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Panorama action moves to D' Big Yard
Posted By: News
Date: Friday, 21 January 2005, at 3:33 p.m.
By Terry Joseph
The stage is completed and the North Stand checked and declared ready for the annual pilgrimage to the Queen's Park Savannah by pan aficionados, music lovers at large, limers, posses, bacchannalists, career winers and other groups common to the Panorama semi-final, which takes place from 11 a.m. Sunday.
Even before the Savannah showdown gets underway, small conventional orchestras will have had their semi-final, those playoffs happening tomorrow at the Arima Velodrome from 1 p.m., to determine category finalists, who will meet again at the same venue on Thursday, February 3, to joust for the top prize.
For the top two large conventional orchestras, it is the most eerie brand of déjà vu. The first and second placing by Exodus and Desperadoes being the same positions as when they entered this round last year, the fact that Exodus eventually won the national title in this category offering no firm guarantee of a repeat.
But for those positions in that grouping, last year's semi-final resulted in a major reshuffle of the standings enjoyed at the close of the preliminary round. The 2004 Savannah Party had its opening delayed by some 45 minutes, occasioned by reluctance on the part of the first band up, Tornadoes, who reportedly refused to perform at the scheduled 11 a.m. start time, as the stands were still relatively empty.
Pan Trinbago is promising a tighter show all around for Sunday's production, vowing to stick to the plan of having the house DJ limit vocal versions of the songs to eight minutes, using any additional time taken by the orchestra in setting up to play any other music until the band is ready to perform for the judges.
No doubt buoyed by the possibility of scoring the first hat-trick in the history of Panorama, defending champions (large) Exodus cannot allow any slippage Sunday, knowing the hunger of ten-time winner (and record-holder in that regard) Desperadoes to break the chain and further extend its title-tally over Renegades. Phase II Pan Groove, for a long time the bridesmaid, would no doubt like to be at the very altar of the competition this time around.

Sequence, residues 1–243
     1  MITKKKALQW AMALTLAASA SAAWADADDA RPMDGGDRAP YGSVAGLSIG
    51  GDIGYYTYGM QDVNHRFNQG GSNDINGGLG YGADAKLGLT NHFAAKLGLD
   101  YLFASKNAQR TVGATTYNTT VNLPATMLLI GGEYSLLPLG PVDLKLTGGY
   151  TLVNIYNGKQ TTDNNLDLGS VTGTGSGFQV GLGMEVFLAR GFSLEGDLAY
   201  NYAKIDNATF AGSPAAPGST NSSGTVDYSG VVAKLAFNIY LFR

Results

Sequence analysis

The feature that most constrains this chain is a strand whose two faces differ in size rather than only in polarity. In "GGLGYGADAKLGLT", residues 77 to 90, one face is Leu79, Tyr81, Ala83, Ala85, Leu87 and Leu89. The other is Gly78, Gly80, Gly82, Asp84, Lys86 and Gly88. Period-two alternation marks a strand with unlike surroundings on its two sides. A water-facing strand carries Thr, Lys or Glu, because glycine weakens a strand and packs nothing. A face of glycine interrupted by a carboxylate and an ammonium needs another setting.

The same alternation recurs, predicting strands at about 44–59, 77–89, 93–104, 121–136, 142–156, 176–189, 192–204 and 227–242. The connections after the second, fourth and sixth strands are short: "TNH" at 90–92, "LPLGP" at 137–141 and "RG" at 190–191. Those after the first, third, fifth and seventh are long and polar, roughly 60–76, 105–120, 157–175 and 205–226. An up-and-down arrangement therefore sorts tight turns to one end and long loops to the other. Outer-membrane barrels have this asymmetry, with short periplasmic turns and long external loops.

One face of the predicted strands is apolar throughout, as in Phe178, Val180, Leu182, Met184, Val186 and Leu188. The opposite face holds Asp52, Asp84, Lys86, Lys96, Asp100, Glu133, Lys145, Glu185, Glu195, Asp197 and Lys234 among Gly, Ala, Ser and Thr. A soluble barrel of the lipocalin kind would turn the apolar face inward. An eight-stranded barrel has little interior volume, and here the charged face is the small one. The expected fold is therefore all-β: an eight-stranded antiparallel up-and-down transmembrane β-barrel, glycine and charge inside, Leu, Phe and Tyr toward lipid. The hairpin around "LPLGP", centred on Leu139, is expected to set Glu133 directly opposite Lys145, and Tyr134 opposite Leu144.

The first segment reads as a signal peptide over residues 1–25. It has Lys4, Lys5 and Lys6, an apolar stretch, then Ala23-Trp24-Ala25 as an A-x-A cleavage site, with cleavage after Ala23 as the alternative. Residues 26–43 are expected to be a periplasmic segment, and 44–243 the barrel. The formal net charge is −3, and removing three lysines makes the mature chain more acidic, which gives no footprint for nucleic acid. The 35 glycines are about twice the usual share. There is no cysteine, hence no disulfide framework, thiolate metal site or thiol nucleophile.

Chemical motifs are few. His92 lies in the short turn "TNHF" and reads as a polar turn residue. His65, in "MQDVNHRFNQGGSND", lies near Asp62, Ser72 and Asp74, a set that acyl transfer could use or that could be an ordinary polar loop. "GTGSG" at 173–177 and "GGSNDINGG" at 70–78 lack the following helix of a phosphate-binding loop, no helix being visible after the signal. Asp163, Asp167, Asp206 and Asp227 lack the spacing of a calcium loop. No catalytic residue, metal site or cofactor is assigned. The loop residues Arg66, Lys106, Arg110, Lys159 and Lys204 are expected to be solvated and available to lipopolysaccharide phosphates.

Indeed, the battle is fully engaged and given the sidebar issue over choice of Panorama
selection, another kind of reckoning is also on the cards, with TCL Group Skiffle Bunch and Neal and Massy Trinidad All Stars immediately outside the big-four ranking at this time, playing calypsoes bound to invoke nostalgia in the stands, although the jury is still out on the value of crowd response in what is, after all, a music contest.
There are, of course, other aspects of Panorama that have little to do with what is being performed onstage. The north stand posses having developed into all-inclusive parties over the past few years, have already paid the relevant fees to have their identifying banners hung as a demarcation of turf, the only form of proprietorship allowed since the National Carnival Commission restricts physical barriers. Oversized coolers have also been given the thumbs-down from the NCC.
From all appearances, President Max Richards will again attend Sunday's savannah party, as suggested by an enclosure in the North Stand, albeit much smaller than last year's area set aside for his group.
Then there is the cuisine of the savannah party, foods of a certain flavour and consistency, said to provide ballast for predictable overindulgences that may require alkaline redress or starches to act as buffering but the music is what holds the major attraction, thundering from centre-stage as each next band tries its best to charm the official jury in the grand stand.
At the Arima Velodrome tomorrow, because of a tie for the final position after the preliminary round, 15 bands will perform for the adjudicators in a show expected to run for some four to five hours. At the savannah party Sunday, 28 medium and large conventional bands will appear. No estimate on the length of that event was available.
Pan Trinbago president Patrick Arnold said he expects the show will start on time and run smoothly, as a number of systems have been put in place to make the event more audience-friendly. "We are forever working with a history that is best remembered by its worst moments," Arnold said.
"The years in which Panorama started on time and went like clockwork are never factored into the final reckoning but any memory of a disruption or some other difficulty with keeping on schedule remains indelible.
"We understand public concerns and have been working away at bringing down the number of comments and complaints in that regard. I think when you consider the magnitude of the production, in all fairness, the successes are never given enough credit.
"What we are looking at is over 2,000 pannists at the savannah one day after hundreds play at the Velodrome and this coming after five days of judging preliminaries and the logistics involved in those transactions.
"Just rest assured we will be trying to put on the best Panorama competition ever, both in Arima and at the Savannah, and on behalf of Pan Trinbago I want to wish everyone a wonderful weekend of pan music," Arnold said.
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